Sure, we care a lot about our bodily health and mental health but how often do you prioritize your dental health?
Unless you ‘re a dentist, chances are you don ‘t give that much thought to cavities. Along with chickenpox and ear infections, it ‘s a health issue we tend to associate with the Dora the Explorer set. So the results of a new report from the Centers for Disease Control and Prevention may leave you open-mouthed: One in four of us is walking around with an untreated cavity, and nearly all adults will suffer from tooth decay at some point in their lives.
We tend to associate cavities with early childhood, but adults actually have the same rate of tooth decay as kids, says Bruce Dye, DDS, dental epidemiology officer at the National Institute of Dental and Craniofacial Research, who helped to conduct the survey. It can affect you at any time during your lifespan.
Considering that tooth care has been programmed into our brains for practically forever brush twice a day for two minutes, floss daily, and visit the dentist every six months why are so many adults orally challenged? We get to the root of the problem and reveal surprising ways to keep your pearly whites in peak condition.
Certain populations are more cavity-prone
According to the CDC report, some ethnic groups have higher rates of untreated tooth decay than others. It ‘s more prevalent among African-Americans (46 percent) and Hispanics (36 percent), than Caucasians (22 percent) and Asians (17 percent). What ‘s causing the disparity?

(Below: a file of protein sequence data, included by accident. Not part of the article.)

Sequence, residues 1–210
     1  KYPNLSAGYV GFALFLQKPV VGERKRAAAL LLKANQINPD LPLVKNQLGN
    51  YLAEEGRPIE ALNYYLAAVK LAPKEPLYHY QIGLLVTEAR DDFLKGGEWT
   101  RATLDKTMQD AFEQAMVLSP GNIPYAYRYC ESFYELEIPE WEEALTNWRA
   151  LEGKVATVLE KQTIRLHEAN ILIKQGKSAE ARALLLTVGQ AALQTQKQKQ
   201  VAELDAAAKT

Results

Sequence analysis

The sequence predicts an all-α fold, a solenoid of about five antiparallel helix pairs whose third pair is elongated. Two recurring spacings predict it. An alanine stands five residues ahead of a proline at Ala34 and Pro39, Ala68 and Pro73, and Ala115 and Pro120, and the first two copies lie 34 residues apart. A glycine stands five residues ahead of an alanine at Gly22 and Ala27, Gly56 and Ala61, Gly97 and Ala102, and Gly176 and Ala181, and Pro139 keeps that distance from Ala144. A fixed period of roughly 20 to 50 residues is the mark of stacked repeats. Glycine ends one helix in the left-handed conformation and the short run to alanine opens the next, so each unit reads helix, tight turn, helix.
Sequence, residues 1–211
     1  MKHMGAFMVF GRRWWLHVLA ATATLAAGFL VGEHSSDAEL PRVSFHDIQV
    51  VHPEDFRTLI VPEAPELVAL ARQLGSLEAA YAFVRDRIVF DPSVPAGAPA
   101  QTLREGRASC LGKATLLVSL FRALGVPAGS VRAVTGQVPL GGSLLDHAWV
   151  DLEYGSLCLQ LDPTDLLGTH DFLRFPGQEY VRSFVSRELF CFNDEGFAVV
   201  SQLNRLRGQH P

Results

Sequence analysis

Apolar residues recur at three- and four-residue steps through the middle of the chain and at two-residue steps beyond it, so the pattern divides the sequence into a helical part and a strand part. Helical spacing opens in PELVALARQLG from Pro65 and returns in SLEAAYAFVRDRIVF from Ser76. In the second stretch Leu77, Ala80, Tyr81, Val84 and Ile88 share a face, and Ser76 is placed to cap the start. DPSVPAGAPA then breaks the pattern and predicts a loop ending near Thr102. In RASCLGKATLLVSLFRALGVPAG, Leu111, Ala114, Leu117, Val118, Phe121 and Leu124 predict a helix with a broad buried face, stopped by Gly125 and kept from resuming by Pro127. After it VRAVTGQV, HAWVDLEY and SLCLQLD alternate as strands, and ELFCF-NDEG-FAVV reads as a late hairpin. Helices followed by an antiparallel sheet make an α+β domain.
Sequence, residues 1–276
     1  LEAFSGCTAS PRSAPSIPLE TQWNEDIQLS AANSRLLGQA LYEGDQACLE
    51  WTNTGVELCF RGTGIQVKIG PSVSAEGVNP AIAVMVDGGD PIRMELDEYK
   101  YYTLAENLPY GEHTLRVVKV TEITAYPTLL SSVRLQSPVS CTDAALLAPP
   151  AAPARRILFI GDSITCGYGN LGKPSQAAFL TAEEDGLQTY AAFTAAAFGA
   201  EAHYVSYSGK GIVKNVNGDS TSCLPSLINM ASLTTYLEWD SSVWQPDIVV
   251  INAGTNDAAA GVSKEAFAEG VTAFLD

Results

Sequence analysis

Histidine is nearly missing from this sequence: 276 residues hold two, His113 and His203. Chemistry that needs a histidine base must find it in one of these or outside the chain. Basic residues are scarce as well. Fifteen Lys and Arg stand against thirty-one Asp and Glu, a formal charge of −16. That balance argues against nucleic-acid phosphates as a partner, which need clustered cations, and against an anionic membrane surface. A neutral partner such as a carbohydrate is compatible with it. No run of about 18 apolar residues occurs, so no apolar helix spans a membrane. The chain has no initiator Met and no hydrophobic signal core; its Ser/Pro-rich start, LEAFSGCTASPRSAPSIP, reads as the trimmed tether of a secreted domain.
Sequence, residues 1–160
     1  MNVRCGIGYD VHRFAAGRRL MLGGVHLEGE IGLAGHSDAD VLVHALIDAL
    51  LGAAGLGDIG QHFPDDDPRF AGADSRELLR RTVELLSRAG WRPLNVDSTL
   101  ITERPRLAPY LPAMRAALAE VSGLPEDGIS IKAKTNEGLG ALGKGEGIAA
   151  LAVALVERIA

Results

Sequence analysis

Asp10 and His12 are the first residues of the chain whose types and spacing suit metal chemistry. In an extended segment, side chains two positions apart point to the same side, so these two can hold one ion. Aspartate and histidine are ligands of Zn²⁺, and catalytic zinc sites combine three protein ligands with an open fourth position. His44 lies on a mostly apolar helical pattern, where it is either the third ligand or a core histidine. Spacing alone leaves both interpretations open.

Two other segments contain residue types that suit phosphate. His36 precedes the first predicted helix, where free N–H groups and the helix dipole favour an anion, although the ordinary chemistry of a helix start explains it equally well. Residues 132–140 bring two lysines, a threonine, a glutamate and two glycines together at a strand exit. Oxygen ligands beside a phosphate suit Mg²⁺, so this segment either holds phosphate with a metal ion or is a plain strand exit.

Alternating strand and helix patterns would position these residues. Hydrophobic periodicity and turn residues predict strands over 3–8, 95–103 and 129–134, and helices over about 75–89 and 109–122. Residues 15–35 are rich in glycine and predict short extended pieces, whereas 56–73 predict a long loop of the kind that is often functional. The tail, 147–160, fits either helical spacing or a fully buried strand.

That ‘s the billion-dollar question, Dye tells Yahoo Health. We ‘ve been trying to tease out the source of the difference, but it ‘s a complex issue. He explains that there are three overarching factors that contribute to oral health: biology, social conditions, and behavior.
In terms of biology, some people were blessed with genes that give their chiclets a better chance to shine, like bulletproof enamel, bacteria-bashing saliva, and a robust immune system. And according to the American Academy of Periodontology, it ‘s possible that certain clusters of the population are genetically susceptible to oral disease.
A new study found that a small percentage of African-Americans are missing a variant form of salivary protein that wards off cavity-causing bacteria, David Silverstrom, DDS, at the Silverstrom Group, tells Yahoo Health. (That being said, stellar oral care can help you overcome a less-than-ideal gene pool. And even strong DNA won ‘t totally protect you if you neglect your chompers.)
Then there ‘s the social element. Lower socioeconomic groups tend to have greater levels of untreated cavities, pediatric dentist Jonathan Shenkin, DDS, vice president and spokesperson for the American Dental Association, tells Yahoo Health. And access to health care plays a major role. Medicaid coverage varies greatly from state to state, with some states offering no dental benefits, or only limited benefits for emergency care. What ‘s more, even if a patient has decent coverage, he or she may not have access to transportation to get to the dentist ‘s office in the first place.
Finally, lifestyle contributes to the quality of your pearly whites. Research has found that disadvantaged social groups are more likely to smoke (which dramatically increases the risk of gum disease and tooth loss) and to consume diets high in added sugar, creating the perfect breeding ground for bacteria. In addition, there may be a lack of education about proper tooth care among people in poverty or near-poverty, says Shenkin.
Sneaky habits can sabotage your smile
Cultural background aside, you may be wondering why cavities persistently pop up in some oral hygiene devotees, while, on the other hand, a slacker who does the bare minimum may still maintain a gorgeous grill.